The present study showed increased expression of PGC-1α mRNA in rat muscle induced by an HS diet and a subsequent high plasma FFA level. However, PGC-1α and some genes required for mitochondrial oxidative phosphorylation in skeletal muscle were downregulated with 3 days and 3 weeks of a high-fat diet in humans and mice, respectively [24]. Another study showed that acipimox-induced reduction in plasma FFA levels led to decreased expression of PGC-1α in muscle of insulin-resistant individuals [25]. In these studies, PGC-1α responded to changes in the plasma FFA level in a paradoxical manner. It is possible that the expression level of PGC-1α caused by oversupply of FFA is dependent on the duration of exposure to FFA. Another possibility is that the composition of FFA causes different responses of PGC-1α [26]. Recent studies have shown that PGC-1α improves fatty acid oxidation and increases gene expression involved in mitochondrial biogenesis and function in cultured skeletal muscle cells [27, 28]. These effects of PGC-1α would be expected to lead to a reduction in lipid accumulation in muscle and an increase in insulin sensitivity [29]. Therefore, the increased PGC-1α in this study might be a compensatory mechanism against fat deposition and insulin resistance in skeletal muscle, although eventual insulin resistance cannot be avoided.

TFAM mRNA expression did not change significantly in the muscle of AONW rats. As a key activator of mitochondrial transcription, TFAM stabilizes mitochondrial DNA through formation of the nucleoid and titrates the amount of mitochondrial DNA [30]. In this study, no obvious change in mitochondrial density was observed by microscopy, although mitochondrial counting was not performed. The morphologic findings of the mitochondria were consistent with the TFAM mRNA expression. As in another study [24], TFAM mRNA did not change consistently with PGC1-α in the present study, which implies the presence of an unrecognized regulation pathway.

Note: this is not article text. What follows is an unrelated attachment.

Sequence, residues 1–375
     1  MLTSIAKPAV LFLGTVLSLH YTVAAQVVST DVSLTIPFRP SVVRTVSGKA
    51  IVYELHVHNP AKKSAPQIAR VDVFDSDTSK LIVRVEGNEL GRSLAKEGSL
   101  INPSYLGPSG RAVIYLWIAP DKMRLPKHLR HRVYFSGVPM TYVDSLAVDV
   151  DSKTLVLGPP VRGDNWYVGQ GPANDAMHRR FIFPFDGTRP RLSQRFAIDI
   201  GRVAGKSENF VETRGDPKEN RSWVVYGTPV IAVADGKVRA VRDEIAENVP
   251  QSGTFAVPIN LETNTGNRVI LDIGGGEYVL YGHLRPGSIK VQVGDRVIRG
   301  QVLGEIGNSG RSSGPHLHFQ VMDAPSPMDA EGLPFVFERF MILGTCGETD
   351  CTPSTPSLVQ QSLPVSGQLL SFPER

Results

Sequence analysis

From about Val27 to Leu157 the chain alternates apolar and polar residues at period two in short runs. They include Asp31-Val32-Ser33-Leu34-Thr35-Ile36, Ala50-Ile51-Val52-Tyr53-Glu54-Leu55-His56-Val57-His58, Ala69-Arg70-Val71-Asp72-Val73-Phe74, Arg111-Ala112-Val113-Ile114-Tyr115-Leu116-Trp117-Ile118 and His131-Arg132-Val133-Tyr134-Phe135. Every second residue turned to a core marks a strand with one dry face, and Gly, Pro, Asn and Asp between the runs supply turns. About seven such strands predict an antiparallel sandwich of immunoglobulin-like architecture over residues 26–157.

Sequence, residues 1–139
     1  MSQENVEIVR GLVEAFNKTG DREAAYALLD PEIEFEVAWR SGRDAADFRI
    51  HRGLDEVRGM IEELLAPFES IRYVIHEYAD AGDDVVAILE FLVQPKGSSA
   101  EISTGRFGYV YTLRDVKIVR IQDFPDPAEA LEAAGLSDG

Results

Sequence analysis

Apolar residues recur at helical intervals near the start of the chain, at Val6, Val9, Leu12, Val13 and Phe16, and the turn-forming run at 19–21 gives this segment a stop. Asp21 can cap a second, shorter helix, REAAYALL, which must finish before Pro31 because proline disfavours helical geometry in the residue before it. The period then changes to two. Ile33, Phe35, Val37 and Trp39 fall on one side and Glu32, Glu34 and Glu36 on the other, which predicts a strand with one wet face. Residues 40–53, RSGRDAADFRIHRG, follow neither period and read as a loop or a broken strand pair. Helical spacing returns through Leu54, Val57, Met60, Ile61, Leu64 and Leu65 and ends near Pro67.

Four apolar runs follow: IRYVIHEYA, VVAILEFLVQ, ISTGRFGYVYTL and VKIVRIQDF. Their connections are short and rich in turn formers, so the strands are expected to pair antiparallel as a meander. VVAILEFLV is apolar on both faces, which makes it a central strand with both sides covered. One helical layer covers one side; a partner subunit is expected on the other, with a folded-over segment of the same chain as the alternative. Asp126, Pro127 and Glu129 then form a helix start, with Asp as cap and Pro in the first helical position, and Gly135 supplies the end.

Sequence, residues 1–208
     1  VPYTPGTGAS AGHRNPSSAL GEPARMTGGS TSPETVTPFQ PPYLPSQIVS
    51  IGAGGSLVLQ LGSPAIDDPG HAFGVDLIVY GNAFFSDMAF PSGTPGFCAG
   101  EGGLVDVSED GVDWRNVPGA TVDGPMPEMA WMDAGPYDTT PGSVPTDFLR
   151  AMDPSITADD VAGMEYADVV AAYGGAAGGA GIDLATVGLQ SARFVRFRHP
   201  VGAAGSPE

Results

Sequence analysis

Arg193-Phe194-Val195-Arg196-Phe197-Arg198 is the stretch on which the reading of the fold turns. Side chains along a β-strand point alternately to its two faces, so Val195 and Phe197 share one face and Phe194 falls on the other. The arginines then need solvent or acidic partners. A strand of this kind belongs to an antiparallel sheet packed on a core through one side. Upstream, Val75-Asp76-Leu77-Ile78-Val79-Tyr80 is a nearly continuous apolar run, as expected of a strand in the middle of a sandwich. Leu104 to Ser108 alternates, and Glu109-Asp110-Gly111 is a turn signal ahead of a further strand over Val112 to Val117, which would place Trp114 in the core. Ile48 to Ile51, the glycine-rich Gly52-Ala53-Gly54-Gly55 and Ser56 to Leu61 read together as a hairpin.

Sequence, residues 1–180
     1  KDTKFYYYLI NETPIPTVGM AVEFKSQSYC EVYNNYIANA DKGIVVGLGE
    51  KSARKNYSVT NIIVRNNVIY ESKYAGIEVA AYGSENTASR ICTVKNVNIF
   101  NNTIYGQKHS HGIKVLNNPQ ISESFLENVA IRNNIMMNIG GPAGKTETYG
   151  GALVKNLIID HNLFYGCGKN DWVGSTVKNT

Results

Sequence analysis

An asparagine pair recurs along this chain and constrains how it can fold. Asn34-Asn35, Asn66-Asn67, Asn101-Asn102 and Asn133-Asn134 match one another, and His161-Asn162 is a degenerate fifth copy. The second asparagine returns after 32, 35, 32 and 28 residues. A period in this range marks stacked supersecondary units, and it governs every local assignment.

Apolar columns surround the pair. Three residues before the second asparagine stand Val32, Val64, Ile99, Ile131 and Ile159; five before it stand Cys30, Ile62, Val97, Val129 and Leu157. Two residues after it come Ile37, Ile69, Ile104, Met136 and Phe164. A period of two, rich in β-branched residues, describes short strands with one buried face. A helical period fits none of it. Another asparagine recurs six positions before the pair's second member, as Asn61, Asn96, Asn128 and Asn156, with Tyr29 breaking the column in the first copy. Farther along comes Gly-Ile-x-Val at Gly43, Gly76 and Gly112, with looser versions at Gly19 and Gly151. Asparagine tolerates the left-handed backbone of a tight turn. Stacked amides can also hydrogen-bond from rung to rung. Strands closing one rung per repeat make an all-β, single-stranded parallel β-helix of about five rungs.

No significant changes in IRS-1 or GLUT4 mRNA expression were found in AONW rats. Whether there was dysfunction in tyrosine phosphorylation of IRS-1 and GLUT4 transposition was not determined in this study [31, 32]. Whether IRS-1 and GLUT4 were involved in the insulin resistance of this AONW rat model was also not determined.

There are limitation of this study. First, genes involved in fatty acid metabolism and glucose uptake were not detected. Second, mitochondrial content was not measured and genes involved in mitochondrial biogenesis were detected.

In summary, the present study showed an AONW rat model developed by a modified HS diet. The AONW model mimics some metabolic features of MONW individuals, such as increased visceral adipose, high plasma FFA, and insulin resistance. Morphologic impairment and insulin resistance of the liver were more serious than those in the skeletal muscle in this model. In the less impaired muscle, increases in UCP3 and PGC-1α mRNA expression are probably responding to increased available FFA and might protect muscle from insulin resistance to some extent.

Authors’ Contribution

L. Cao, X. Liu, and H. Cao contributed equally in the work of this paper.

References

  1. N. B. Ruderman, S. H. Schneider, and P. Berchtold, “The “metabolically-obese,” normal-weight individual,” American Journal of Clinical Nutrition, vol. 34, no. 8, pp. 1617–1621, 1981. View at Scopus
  2. E. Molero-Conejo, L. M. Morales, V. Fernández et al., “Lean adolescents with increased risk for metabolic syndrome,” Archivos Latinoamericanos de Nutricion, vol. 53, no. 1, pp. 39–46, 2003. View at Scopus
  3. R. V. Dvorak, W. F. DeNino, P. A. Ades, and E. T. Poehlman, “Phenotypic characteristics associated with insulin resistance in metabolically obese but normal-weight young women,” Diabetes, vol. 48, no. 11, pp. 2210–2214, 1999. View at Publisher · View at Google Scholar · View at Scopus
  4. M. P. St-Onge, I. Janssen, and S. B. Heymsfield, “Metabolic syndrome in normal-weight Americans: new definition of the metabolically obese, normal-weight individual,” Diabetes Care, vol. 27, no. 9, pp. 2222–2228, 2004. View at Publisher · View at Google Scholar · View at Scopus